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USDA Awards Researchers $6.5M to Advance Plant Disease Resistance With Genomics

NEW YORK (GenomeWeb) – A team led by researchers from Michigan State University has been awarded a $6.5 million grant by the US Department of Agriculture to develop genomic tools and technologies for creating disease-resistant cucurbit crops.

The Cucurbitaceae family includes a number of high-value crop plants such as watermelons, cucumbers, squash, and pumpkins. While Cucurbitaceae crops generate an estimated $1.7 billion a year in farm gate value in the US, viral and fungal pathogens remain a significant hurdle to their cultivation.

With the grant, which is being awarded under the USDA's National Institute of Food and Agriculture Specialty Crop Research Initiative, MSU scientist Rebecca Grumet and collaborators aim to use applied genomics to enhance the plant's ability to resist disease, enabling farming to rely less on chemical treatments.

Specifically, the researchers will work to develop genomic and bioinformatics web-based platforms for genotyping by sequencing, sequence data processing and analysis, breeding data information management, and genome-wide association studies, according to the USDA.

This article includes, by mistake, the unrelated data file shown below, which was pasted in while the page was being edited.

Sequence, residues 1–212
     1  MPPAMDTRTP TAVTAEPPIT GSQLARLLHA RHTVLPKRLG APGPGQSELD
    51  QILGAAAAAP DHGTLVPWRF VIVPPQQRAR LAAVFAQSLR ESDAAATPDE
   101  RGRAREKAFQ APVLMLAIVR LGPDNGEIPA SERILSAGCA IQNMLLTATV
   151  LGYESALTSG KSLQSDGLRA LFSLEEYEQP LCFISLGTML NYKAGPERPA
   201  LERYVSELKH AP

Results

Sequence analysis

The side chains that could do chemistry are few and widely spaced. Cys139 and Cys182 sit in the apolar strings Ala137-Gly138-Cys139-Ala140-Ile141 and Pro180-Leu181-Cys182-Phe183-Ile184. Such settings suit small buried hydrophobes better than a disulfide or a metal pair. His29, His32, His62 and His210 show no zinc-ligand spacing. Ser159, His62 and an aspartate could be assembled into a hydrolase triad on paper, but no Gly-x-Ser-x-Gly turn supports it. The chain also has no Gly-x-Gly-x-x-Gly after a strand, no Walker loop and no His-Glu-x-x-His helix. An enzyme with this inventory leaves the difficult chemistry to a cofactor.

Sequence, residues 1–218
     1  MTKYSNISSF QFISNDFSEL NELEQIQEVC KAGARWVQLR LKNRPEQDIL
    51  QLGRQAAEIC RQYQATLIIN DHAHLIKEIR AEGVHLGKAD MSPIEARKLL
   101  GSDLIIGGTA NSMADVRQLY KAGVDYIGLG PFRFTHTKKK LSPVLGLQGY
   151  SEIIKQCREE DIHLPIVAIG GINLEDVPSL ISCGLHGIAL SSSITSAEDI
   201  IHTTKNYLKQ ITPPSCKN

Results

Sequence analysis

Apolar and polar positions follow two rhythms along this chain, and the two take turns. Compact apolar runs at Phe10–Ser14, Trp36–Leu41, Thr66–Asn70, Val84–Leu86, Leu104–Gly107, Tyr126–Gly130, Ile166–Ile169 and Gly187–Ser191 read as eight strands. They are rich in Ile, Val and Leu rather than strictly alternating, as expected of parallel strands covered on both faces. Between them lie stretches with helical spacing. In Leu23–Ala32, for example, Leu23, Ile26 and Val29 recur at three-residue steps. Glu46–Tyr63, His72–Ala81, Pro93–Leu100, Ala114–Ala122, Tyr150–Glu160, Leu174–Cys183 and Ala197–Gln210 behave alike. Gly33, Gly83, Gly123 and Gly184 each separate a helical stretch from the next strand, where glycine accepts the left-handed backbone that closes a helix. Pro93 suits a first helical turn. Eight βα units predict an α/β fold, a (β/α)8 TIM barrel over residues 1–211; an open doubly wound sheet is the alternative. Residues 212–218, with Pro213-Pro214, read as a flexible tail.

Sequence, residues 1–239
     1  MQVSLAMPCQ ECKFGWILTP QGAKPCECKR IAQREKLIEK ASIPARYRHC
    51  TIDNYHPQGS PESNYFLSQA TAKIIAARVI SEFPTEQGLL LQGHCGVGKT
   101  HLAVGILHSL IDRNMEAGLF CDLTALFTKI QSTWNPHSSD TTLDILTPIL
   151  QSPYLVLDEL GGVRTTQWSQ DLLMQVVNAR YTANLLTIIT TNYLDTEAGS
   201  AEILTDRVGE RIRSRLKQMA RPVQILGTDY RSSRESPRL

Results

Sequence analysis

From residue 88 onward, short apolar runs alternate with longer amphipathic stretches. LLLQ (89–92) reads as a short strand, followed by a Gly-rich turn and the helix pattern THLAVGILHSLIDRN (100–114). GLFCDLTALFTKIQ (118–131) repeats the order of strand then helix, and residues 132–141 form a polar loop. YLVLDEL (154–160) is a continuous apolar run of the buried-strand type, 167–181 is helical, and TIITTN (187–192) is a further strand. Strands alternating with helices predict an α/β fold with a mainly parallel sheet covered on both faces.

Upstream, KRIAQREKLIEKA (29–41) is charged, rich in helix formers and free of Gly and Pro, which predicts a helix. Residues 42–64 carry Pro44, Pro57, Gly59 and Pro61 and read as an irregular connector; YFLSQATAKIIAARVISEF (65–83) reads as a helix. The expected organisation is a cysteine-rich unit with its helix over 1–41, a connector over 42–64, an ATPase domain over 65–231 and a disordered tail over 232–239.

They will also map resistance locations and develop markers for introgression of resistances to key cucurbit diseases; develop models to define, create parameters for, simulate, and analyze costs of cucurbit production and disease control; and set up a cucurbit disease website providing information about disease diagnosis and control in both English and Spanish.

"With the advent of next-generation DNA sequencing technologies, we can approach problems in ways that were not possible before and can use those methods to identify genetic regions within the crop that are associated with disease resistance," Grumet said in a statement. 

Also participating in the research are scientists from Boyce Thompson Institute; USDA Agricultural Research Service, Charleston, South Carolina; Cornell University; USDA-ARS, Salinas, California; Texas A&M University; North Carolina State University; USDA-ARS and the University of Wisconsin.

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